Athletes will have to compete in three disciplines; Bouldering, Speed Climbing and Lead Climbing. Why not visit an activity centre or local climbing centre to learn the ropes? You should have enough time between now and 2020 to not only gain your climbing permit, but to qualify for Tokyo!

Surfing

Find a surfing centre or head to a beach near you to master riding the waves. Find out what happened when Explorer Scouts from Stenek Ha’n Mor District in Cornwall took up surfing as a team activity.

Baseball/softball

Did you know that Softball is a modified form of baseball with seven innings instead of nine, as well as underarm bowling? Baseball and softball are brilliant games to play with a large group of young people. The next time you are attending a District or County camp, consider organising a game against other Groups or sections.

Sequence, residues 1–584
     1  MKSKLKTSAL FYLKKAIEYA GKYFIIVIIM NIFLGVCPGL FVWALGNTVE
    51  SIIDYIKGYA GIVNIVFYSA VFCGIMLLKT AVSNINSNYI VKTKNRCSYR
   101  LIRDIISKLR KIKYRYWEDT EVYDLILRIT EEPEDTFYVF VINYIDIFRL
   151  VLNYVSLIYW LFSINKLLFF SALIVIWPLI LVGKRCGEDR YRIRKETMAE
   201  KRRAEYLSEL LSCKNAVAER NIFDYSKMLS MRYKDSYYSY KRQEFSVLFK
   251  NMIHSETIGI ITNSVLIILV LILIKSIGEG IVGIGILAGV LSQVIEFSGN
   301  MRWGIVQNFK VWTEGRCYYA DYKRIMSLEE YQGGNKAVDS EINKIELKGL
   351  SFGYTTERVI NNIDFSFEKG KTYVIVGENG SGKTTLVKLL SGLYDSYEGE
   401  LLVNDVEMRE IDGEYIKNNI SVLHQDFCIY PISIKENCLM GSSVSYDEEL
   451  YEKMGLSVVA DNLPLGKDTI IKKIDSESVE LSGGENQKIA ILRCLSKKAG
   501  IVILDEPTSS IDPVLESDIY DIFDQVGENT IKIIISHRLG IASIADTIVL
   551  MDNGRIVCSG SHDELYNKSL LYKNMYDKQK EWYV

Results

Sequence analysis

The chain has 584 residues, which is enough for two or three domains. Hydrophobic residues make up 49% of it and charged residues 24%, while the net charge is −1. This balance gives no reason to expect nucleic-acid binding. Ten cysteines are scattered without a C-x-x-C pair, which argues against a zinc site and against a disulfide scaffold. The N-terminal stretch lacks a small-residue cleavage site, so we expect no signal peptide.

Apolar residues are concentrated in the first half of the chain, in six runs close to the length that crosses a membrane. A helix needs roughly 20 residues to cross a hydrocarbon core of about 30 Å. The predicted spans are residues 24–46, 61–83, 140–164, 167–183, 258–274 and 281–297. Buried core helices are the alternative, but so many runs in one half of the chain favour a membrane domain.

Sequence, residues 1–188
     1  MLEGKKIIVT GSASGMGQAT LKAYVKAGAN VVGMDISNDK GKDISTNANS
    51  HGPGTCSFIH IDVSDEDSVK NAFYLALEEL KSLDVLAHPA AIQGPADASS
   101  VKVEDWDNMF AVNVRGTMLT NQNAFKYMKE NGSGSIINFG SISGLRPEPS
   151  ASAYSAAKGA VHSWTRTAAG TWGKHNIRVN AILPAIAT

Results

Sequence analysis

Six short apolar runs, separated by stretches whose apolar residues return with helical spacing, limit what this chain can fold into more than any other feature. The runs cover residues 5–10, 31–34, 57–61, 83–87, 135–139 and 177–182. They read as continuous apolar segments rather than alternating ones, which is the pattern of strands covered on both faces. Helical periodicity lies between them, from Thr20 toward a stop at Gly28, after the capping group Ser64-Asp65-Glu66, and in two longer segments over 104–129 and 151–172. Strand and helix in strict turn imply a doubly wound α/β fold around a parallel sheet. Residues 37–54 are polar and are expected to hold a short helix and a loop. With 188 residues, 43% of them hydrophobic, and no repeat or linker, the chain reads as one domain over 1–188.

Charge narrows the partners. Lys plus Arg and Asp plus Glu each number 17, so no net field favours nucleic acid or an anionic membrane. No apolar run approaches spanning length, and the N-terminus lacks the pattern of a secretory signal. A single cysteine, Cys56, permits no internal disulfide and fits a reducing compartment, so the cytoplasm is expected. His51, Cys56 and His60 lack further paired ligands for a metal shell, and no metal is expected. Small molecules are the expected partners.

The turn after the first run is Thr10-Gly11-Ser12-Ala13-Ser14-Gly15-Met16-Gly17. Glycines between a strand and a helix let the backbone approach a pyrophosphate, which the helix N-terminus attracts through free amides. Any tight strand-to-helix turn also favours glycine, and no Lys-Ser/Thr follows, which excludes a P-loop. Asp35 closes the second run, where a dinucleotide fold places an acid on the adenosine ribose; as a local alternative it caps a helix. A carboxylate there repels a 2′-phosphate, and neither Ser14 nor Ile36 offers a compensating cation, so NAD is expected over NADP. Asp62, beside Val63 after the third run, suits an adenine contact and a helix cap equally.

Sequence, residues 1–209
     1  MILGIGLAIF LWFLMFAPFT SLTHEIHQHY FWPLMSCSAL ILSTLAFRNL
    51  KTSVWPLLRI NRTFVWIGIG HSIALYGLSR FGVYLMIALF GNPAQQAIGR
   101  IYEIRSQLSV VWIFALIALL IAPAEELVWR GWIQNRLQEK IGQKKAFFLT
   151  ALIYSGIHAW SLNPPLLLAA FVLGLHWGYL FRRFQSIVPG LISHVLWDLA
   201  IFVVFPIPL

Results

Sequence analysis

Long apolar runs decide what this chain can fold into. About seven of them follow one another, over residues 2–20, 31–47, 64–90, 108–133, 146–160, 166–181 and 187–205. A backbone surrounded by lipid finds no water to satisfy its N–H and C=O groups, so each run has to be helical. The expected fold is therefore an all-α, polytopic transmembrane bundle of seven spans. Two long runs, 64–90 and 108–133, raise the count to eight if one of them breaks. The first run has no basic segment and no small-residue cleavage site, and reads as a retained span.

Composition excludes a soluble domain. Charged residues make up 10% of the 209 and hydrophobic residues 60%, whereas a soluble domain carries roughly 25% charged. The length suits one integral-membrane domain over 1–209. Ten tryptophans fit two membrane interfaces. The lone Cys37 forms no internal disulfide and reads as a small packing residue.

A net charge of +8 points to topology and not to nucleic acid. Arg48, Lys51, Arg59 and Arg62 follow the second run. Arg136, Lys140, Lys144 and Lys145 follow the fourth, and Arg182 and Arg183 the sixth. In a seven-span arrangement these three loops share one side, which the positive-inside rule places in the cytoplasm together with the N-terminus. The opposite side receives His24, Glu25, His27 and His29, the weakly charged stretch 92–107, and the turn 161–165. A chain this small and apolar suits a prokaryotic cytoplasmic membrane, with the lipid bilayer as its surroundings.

Karate

Just like Judo, an adult volunteer who knows the sport well can lead a karate session. Or you can ask a professional trainer to come along to your meeting place for an evening. 

There are many other Olympic-related sports that your Scouts can get involved in. Take a look at our A-Z of Activities for inspiration, information and guidance.  You can organise Olympic activities that are not mentioned in the activity rules. To do this, take a look at POR rule 9.77 and speak to your District or County team for support.

Top tips

Tip 1: Plan ahead to make sure every young person of all abilities in your Group can take part in Scouting activities.

Tip 2: Speak to activity centres and external providers to find out how accessible their activities are before booking.

Tip 3: If you’re organising these activities, why not assign different countries to individuals taking part and colour in flags for them to wear when competing? This will help them work towards their International Activity Badges!

 

Looking for more activities to plan for your future Programme? Take a look at these: